One thing that would be difficult to overstate is the influence the Bible has had on America. In our increasingly secular society, it may seem like the Bible has lost its edge. Then comes a presidential election and the Bible is headline news again. Actually, it is present all along in more subtle forms, causing embarrassment for those who think it’s just puerile mythology. Many useful aspects of this may be glimpsed in Paul C. Gutjahr’s An American Bible: A History of the Good Book in the United States,1777-1880. Thorough, insightful, and at times even witty, this reader-friendly analysis probes many aspects of how the Bible has impacted society in ways long forgotten. Who remembers that there were “Bible Wars” in the nineteenth century? That Bible publishing could at one time make one wealthy? That Bible illustrations caused scandal because bare-bosomed biblical ladies appeared in the pages of sacred writ?
The Bible is America’s book. Although Gutjahr only covers about a century of the story, there’s no question that the Good Book has roots that reach down into the sixteenth century and branches that continue to sprawl into the twenty-first. Some of it may be chalked up to civil religion, but the whole picture is more complex than that. From earliest days the colonial invaders drew on their understanding of the Bible to justify actions that really can’t be justified, and assuaged their guilt with the same holy book. Medieval European culture held the church and its founding document in high esteem, and when the Reformers broke from the hierarchy, the Bible became, well, sola scriptura. It was the Protestants who were annoyed enough at the situation to seek a life in somebody else’s land.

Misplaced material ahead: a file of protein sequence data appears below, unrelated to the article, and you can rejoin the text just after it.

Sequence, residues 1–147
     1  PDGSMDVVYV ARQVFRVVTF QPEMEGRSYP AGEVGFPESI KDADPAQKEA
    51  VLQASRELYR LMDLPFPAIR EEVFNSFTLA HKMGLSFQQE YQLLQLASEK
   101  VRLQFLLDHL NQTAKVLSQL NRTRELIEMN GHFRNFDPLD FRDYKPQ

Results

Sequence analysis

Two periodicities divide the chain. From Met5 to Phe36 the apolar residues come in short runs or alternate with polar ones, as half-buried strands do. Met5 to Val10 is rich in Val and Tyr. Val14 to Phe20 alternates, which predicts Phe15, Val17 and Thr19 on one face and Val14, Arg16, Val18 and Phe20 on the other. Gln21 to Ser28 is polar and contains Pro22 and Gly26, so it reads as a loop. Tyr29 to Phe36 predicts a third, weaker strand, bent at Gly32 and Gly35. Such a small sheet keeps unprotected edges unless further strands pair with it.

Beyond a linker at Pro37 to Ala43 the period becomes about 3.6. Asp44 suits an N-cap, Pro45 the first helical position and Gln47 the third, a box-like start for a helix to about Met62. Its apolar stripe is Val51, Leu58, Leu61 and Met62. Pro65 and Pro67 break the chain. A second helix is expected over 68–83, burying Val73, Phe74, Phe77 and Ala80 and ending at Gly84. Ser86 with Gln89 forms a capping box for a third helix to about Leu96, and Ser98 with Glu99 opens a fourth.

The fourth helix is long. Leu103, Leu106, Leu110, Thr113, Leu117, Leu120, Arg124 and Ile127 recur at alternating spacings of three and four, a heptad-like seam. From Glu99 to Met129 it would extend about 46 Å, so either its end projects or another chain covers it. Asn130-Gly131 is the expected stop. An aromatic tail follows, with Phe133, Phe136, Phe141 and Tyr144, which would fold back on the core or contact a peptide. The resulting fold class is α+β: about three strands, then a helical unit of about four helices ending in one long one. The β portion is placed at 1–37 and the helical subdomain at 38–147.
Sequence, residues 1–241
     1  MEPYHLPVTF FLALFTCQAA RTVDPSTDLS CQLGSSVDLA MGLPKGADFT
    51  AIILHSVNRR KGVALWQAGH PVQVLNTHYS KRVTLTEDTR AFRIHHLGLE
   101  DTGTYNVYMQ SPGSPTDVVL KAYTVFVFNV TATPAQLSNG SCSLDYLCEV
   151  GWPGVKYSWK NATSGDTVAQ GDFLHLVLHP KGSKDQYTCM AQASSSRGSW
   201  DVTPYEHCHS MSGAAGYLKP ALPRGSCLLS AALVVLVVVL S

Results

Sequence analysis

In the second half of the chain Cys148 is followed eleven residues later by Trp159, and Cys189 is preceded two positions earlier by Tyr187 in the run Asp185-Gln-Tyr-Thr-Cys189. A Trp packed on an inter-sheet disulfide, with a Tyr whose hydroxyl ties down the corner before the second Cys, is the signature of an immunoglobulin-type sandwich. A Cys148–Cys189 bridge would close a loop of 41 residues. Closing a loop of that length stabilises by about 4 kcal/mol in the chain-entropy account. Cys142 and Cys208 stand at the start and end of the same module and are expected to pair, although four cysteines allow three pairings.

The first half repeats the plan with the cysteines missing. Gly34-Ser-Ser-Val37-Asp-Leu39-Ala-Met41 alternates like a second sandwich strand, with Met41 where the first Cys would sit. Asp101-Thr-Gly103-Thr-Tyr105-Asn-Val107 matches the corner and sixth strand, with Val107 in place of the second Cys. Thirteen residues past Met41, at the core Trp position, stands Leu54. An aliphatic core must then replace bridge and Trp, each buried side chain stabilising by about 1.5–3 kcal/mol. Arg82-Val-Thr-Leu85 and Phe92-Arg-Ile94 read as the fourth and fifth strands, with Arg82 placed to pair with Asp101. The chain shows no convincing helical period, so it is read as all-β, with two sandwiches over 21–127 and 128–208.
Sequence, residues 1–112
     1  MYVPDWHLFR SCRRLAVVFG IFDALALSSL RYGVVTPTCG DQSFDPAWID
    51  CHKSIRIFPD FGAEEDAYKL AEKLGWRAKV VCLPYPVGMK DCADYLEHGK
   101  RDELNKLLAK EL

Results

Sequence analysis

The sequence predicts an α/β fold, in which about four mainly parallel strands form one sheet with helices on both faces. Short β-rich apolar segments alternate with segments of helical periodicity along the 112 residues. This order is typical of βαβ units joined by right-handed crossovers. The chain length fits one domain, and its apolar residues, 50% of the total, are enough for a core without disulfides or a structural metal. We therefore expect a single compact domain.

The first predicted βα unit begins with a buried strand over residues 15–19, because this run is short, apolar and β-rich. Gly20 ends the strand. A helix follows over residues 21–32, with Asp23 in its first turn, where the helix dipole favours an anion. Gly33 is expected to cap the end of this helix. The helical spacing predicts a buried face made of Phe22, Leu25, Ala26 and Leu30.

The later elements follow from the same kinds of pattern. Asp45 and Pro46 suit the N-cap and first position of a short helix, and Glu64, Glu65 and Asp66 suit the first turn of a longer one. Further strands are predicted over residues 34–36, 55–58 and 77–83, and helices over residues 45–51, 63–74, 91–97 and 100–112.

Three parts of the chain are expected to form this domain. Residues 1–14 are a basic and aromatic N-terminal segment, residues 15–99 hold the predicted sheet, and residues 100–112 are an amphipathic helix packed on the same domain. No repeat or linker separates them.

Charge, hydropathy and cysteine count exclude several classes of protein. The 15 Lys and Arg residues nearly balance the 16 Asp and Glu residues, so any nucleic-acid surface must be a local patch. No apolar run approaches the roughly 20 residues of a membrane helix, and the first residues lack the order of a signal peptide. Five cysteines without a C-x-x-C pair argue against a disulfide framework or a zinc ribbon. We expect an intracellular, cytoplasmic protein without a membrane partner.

Once here, however, the Bible became foundational. Schools were established to teach students to read, and the main reading material was the Bible. A moral society, it was believed, would be founded on such curricula. Colleges were built primarily to train ministers. Revivals periodically swept the land. We currently live in the days of mega-churches. The elites sometimes overlook the appeal of the Bible to the average person. Here is a book that offers hope. And even if it’s rough, a love to those who don’t get their share of the culture’s spoils. It is more than a book. The Bible is a symbol. On his inauguration George Washington not only laid his hand on it, he also kissed the Bible before the crowds. If, like me, you didn’t know that, I suggest An American Bible as a reminder of how it has brought us to where we are. Borrowing a term from its sub-title, it too is a good book, and it serves to remind us of the power of an idea.
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